To Recruit and Retain Employees, Help Connect Them to College
Patrick Flynn photo credit: I. George Bilyk
May 14, 2020
James Grimes admits it.
He can be selfish.
Given his high-stress job, it’s not surprising. Grimes, whose official title is manager of talent acquisition and development, recruits and trains call-center employees for Cleveland-based MetLife Legal Plans Inc.
These days, in the pandemic, he’s not exactly hustling on the recruiting side. Hiring plans are on hold. But when the economy re-opens, Grimes believes he’ll have a recruiting advantage over other employers – one that he helped put into place nine months before the Covid-19 virus changed everything in March.
Grimes was excited about MetLife Legal Plan’s new partnership with College Now Greater Cleveland aimed at encouraging MetLife’s front-line customer-facing call-center employees to return to college. From the start, he knew the partnership would make his recruiting easier -- never mind the larger social benefits, although they matter to him too.
“For me, doing recruiting, selfishly, I saw a lot of advantage in that,” he said.
Call center staffers like the ones at MetLife Legal Plans are at the heart of College Now’s mission: To help adults who started college once upon a time, but “stopped-out,” leaving them with piles of student debt while stuck with lower non-degree level wages.
A lot of these adults end up as retail employees – who meet customers in stores, banks, or on the phone like at MetLife Legal Plans. These jobs are the ones these college stop-outs can land, but many of them don’t offer educational programs such as the one in place at MetLife Legal Plans through its partnership with College Now. Meanwhile, employers in Cleveland and around the nation said in the recent survey called Bridging the Talent Gap* that the skills they most need – leadership and problem-solving – are best provided by a four-year degree.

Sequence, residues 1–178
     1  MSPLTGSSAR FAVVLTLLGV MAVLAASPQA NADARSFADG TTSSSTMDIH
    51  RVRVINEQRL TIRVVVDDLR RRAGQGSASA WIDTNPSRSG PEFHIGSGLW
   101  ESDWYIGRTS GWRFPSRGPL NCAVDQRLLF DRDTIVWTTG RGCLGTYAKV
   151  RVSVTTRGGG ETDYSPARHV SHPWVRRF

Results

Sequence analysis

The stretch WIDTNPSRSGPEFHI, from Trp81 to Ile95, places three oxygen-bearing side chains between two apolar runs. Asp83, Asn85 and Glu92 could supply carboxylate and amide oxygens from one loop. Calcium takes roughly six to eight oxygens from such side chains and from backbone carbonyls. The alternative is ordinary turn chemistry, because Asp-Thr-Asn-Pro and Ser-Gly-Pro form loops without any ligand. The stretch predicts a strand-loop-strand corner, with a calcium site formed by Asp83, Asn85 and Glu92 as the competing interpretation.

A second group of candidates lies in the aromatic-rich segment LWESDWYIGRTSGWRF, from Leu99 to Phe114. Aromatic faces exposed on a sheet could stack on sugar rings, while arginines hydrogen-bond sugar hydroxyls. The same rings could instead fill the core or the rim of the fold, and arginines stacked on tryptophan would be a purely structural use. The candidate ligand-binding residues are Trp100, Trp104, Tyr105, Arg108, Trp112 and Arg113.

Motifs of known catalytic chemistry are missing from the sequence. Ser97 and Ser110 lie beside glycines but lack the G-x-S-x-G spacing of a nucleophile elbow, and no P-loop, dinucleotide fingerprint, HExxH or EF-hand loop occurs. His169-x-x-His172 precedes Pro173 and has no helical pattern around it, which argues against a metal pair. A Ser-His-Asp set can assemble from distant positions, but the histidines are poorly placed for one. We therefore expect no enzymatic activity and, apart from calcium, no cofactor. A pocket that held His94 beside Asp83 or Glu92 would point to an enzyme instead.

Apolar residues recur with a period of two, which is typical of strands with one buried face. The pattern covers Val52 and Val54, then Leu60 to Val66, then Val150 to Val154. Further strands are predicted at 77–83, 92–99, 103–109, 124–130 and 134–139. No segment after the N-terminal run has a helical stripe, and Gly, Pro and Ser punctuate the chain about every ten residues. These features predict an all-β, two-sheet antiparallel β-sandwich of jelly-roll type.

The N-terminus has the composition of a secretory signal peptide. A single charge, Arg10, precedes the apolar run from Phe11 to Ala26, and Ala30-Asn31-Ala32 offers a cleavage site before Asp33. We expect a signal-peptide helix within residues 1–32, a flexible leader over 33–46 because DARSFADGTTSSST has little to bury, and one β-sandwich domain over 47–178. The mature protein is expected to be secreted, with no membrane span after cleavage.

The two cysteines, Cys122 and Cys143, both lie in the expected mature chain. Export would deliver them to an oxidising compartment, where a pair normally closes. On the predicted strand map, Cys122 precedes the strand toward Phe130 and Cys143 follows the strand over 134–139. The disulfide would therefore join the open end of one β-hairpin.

The survey was conducted in cities around the United States, including Cleveland, to assess why employers can’t find the workers they need and why workers can’t access the jobs they want.
The solution may be education.
In Ohio, just over one in four adults has a bachelor’s degree or higher. One in five adults are like MetLife Legal Plans’ Patrick Flynn, a call center worker who began college, but didn’t finish.
Grimes’ boss, MetLife Legal Plans Chief Executive Ingrid Tolentino, believes that her company’s policy of promoting call center staffers with college degrees translates to better client attraction and retention. She has backed that belief by upping the company’s tuition benefit from $250 a semester to $2,500.
MetLife Legal Plans helps its client companies provide legal services to their employees as a benefit. At MetLife Legal Plans, a four-year degree gives its staffers breadth of knowledge while experience gained on the phone yields deep customer and product expertise.
More broadly, many experts posit that a better-educated, better-paid workforce helps all society, including Cleveland: More spending power. More business attraction. More economic capital. More social human capital.
Grimes agrees with all that, of course. But, day to day, “the selfish part of me,” he said, was, ‘I love this. I can sell it.’”